A second set of assumptions we wish to draw attention to concerns what we call the ‘methodological historicism’ that positions antisemitism exclusively as a phenomenon of the past. A justified refusal to treat antisemitism as a natural and permanent feature of relations between Jews and non-Jews has given way to another problematic tendency: that of situating antisemitism emphatically in the past. We may look back in horror to the period of history in which genocidal antisemitism was written into the very texture of social and political life, but console ourselves with the thought that antisemitism has, since that time, been empirically marginalised and normatively discredited. It may appear that the Holocaust has served as a learning experience concerning the dangers of antisemitism, that few in mainstream society still claim adherence to antisemitic ideologies, and that some ultra-nationalist movements are reluctant to embrace antisemitism. Liberals have paid tribute to the success of the new Europe in transcending ethnic nationalism and recognising rights of difference. Radicals have affirmed that many forms of racism still prevail in Europe but insist that antisemitism is no longer one of them. The positioning of antisemitism as a creature of the past – for instance, of a now superseded age of nationalism, late modernisation or organised modernity – serves to close our eyes to new forms it may assume in the present.
A third set of assumptions concerns the development of what we call the ‘methodological dualism’ that restricts our view of racism and antisemitism within a bifurcated world of ‘them’ and ‘us’. It addresses vital distinctions – between oppressor and oppressed, power and resistance, executioner and victim, enemy and friend, imperialism and anti-imperialism, etc. – but grants them a master status that overrides all other ethical considerations. It does not treat anti-imperialism as one element within a constellation of democratic principles but turns it into an absolute truth that prevails over all other democratic principles. It is the absolutising of anti-imperialism that allows some leftist intellectuals, like Judith Butler, to declare that Hamas or Hezbollah belong to the camp of anti-imperialism and should be supported regardless of other democratic deficiencies including antisemitism.12 The temptation on the left is simply not to see racism, antisemitism or sexism in those states and movements deemed to be in the camp of anti-imperialism, perhaps for no other reason than that they are opposed to America and Israel, and at the same time to withdraw solidarity from victims of racism, antisemitism and sexism within the camp of ‘anti-imperialism’. If we label this tendency the ‘anti-imperialism of fools’, following in the footsteps of the Second International’s labeling of antisemitism as the ‘socialism of fools’, this is not to indicate that anti-imperialism is foolish but rather that it is a foolish form of anti-imperialism that divorces it from wider democratic concerns.13 The problem of methodological separatism is reinforced when racism and antisemitism are situated in opposing camps: that is, when racism is condemned as the exercise of oppressive power while antisemitism is excused as a mislabelled or misguided form of resistance. Following what David Hirsh has called a ‘politics of position’,14 the same Marxist writers who deny the possibility of far-left antisemitism have been tempted to situate those who do raise concerns about antisemitism only and emphatically on the side of oppressive power and Western imperialism.15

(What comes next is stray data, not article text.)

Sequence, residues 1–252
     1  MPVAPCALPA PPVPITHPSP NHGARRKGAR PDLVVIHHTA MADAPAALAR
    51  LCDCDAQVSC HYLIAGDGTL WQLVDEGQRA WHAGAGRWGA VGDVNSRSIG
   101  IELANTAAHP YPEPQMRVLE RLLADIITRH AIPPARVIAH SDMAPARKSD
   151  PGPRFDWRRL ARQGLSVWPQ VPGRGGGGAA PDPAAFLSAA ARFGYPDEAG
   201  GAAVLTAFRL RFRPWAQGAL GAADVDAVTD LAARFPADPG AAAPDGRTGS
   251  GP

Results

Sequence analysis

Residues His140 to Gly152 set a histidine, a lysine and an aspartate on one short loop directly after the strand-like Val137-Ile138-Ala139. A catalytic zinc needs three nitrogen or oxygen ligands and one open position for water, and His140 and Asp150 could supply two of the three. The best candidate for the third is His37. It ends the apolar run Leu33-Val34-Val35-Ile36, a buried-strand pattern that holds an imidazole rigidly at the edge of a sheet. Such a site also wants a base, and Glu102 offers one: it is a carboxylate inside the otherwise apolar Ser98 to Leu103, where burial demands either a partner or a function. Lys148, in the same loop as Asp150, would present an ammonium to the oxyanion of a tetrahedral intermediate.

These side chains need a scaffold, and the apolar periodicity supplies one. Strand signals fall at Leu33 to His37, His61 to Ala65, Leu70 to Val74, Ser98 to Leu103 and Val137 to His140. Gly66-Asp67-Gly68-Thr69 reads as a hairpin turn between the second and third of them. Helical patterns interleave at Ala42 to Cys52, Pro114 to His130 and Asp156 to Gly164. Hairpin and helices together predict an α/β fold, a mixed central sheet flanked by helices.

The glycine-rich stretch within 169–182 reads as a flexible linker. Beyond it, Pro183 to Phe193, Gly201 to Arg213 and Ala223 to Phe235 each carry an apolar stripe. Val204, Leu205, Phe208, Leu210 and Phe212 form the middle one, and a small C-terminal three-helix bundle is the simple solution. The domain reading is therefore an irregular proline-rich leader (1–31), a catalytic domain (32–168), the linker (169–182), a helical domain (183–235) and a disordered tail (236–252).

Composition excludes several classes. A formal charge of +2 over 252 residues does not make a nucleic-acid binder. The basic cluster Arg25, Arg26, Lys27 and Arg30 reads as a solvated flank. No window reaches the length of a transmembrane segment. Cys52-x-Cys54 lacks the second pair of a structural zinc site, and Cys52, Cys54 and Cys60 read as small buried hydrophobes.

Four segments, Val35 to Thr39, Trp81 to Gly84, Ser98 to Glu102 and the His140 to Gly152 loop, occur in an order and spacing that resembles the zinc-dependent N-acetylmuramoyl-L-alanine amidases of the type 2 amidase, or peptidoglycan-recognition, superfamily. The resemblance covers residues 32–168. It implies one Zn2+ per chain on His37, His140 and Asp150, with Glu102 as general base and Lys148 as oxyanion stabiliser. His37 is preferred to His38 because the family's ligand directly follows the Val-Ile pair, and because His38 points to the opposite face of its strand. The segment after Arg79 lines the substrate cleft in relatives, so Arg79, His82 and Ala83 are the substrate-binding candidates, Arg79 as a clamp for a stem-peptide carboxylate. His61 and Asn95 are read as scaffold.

The final set of assumptions we need to mention here concerns the question of ‘methodological nationalism’ or rather the development of a cosmopolitan critique of methodological nationalism that re-instates precisely what it criticises when it singles out one form of nationalism, in this case Jewish nationalism, as the bearer of all the defects of nationalism in general. Cosmopolitans emphasise that racism and antisemitism are not only a problem for their immediate victims but also for humanity in general and correspondingly that the responsibility to combat racism and antisemitism is a universal human responsibility.16 They seek to resist the mimetic temptation to blame, say, ‘the Germans’ in the way antisemites blame ‘the Jews’. It may appear ‘natural’ that if we are attacked as Blacks, Muslims or Jews, we fight back as Blacks, Muslims or Jews, and this semblance of the natural is confirmed by the well-established leftist credo that represents the ‘nationalism of the oppressed’ as the natural and rational way of responding to the racism of the oppressors. The cosmopolitan consciousness is one that does not simply negate but seeks positively to supersede this reactive standpoint. What we find today, however, is the replacement of the cosmopolitan critique of methodological nationalism by a simulacrum of cosmopolitanism that projects onto one particular instance of nationalism the defects of nationalism in toto. Zionism becomes here the universal equivalent of the deficiencies of all nationalism. Such singling out of Jewish nationalism for special opprobrium threatens both to reconfigure old stereotypes about the ‘tribalism’ of the Jews and to erode from within the universalistic critique of methodological nationalism.